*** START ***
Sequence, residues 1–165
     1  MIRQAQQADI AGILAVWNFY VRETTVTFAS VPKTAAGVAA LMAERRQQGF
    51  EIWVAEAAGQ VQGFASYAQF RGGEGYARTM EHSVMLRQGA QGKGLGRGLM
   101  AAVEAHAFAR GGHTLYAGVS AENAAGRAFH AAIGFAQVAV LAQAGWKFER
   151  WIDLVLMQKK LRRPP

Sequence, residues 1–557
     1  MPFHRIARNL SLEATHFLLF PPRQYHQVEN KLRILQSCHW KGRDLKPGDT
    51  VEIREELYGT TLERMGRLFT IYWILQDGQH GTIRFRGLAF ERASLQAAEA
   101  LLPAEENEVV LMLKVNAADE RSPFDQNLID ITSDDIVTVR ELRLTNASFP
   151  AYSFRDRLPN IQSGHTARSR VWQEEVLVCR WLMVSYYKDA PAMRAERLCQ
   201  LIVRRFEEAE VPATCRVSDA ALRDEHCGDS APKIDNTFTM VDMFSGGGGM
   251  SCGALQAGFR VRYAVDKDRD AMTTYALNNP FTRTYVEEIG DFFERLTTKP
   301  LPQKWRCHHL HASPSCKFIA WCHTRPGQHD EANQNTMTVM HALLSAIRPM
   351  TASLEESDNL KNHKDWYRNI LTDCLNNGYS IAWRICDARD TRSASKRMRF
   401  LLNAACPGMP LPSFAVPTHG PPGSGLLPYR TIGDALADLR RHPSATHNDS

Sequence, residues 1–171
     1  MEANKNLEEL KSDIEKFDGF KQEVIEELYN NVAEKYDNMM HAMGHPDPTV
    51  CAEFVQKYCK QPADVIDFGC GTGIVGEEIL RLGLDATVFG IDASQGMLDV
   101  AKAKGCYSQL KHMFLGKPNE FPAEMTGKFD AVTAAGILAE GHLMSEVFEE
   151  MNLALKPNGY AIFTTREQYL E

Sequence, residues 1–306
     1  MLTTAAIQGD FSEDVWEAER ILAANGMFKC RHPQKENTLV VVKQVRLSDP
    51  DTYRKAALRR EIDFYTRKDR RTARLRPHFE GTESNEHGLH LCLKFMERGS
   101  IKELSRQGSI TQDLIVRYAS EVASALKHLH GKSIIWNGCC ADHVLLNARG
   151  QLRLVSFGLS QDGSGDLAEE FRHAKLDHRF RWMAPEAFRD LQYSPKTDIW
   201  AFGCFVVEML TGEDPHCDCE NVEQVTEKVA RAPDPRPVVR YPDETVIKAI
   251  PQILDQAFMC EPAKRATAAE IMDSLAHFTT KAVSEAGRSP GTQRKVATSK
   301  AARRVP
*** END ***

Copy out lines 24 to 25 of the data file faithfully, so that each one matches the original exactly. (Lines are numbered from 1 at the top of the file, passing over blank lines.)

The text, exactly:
   101  IKELSRQGSI TQDLIVRYAS EVASALKHLH GKSIIWNGCC ADHVLLNARG
   151  QLRLVSFGLS QDGSGDLAEE FRHAKLDHRF RWMAPEAFRD LQYSPKTDIW